The second book in Candy Jar’s “Brendon Years” trilogy of Lethbridge-Stewart novels, set during the time the Brigadier is a schoolteacher, will feature the return of the Dominators.
Legacy of the Dominator is written by Nick Walters, whose previous tomes for the series are The Man From Yesterday, The Danger Men, and Mutually Assured Domination — the latter being the Dominators’ first foray into the Lethbridge-Stewart range.
Range Editor Andy Frankham-Allen says:
“This is another of those books we’ve had planned for a while. I’ve enjoyed revealing Vaar’s tale out of sequence, starting with the middle section, then the first part and now, at last, the conclusion. Originally, Son of the Dominator, to use its original title, was going to be written by me, but as if often the case I got too busy to be able to do so, and so the book was delayed. Even, for a time, removed entirely from the schedule. But with a couple of glitches in last year’s schedule, it seemed a good time to bring the book back. Only, I still didn’t have the time to write it, so I decided the only man for the job was Nick Walters, who created Vaar back in 2015 with Mutually Assured Domination.”
Legacy of the Dominator forms the third part of ‘Vaar Trilogy’ and is the fourth Lethbridge-Stewart novel to feature the Dominators, following on from the aforementioned Mutually Assured Domination, Rise of the Dominator (2019), and Domination Game (2021).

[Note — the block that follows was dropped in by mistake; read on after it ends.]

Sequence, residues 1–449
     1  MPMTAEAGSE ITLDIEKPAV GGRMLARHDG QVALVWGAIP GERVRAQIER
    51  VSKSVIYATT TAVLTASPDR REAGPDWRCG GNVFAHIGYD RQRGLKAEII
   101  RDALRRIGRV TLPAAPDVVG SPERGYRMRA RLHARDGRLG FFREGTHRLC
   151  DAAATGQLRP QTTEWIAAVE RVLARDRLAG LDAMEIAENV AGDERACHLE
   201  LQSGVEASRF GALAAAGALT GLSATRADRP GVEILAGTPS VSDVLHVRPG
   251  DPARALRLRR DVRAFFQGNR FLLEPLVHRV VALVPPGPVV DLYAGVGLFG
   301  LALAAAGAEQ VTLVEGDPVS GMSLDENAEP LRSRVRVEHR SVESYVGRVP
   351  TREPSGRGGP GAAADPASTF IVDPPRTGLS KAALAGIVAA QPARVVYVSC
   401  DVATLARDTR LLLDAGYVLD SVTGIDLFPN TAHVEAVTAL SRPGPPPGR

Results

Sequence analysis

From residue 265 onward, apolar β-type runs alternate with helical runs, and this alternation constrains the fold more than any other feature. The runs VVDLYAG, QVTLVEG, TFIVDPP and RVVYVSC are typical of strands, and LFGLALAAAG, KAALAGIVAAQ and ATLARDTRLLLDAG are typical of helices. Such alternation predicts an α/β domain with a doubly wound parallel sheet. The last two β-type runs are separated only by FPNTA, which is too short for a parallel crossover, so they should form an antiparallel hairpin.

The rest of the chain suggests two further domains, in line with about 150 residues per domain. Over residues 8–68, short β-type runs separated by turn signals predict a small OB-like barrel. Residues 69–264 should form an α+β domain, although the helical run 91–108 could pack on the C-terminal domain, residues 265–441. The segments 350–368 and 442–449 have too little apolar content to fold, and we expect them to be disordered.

Nick Walters says:
“When I was asked to complete the story of Director Vaar, last of the Dominators (on Earth, at least), I was thrilled and honoured. Though I obviously can’t take all the credit, as the Dominators were of course created by Mervyn Haisman and Henry Lincoln, but I can take credit of the senior echelon of Dominators, that of Director, who sits above Navigator and Probationer. The Dominators in their single TV appearance are brilliant and underrated, in my view; though played straight, there is a very slight aura of camp about them, a delicious touch of the absurd. The way they squabble like an old married couple is hilarious! They are the epitome of the type of Doctor Who adversaries that take themselves far too seriously, and cannot see how silly they look in those massive shoulder pads, or how daft (if deadly) their robot servants are.
“I developed this aspect of them in Mutually Assured Domination – for example the Robin Day interview – and Vaar as the Big Man in Rise of the Dominator also possesses this quality of the bizarre, though remaining 100% dangerous and threatening. More importantly, I always saw Vaar as not merely a villain, but a more complex character, even a relatable one – despite his plans to destroy the Earth! In Domination Game and Rise of the Dominator, he’s an alien trapped on Earth, doing what he can, what he must, to survive. A sort of dark mirror of Thomas Jerome Newton from The Man Who Fell to Earth.”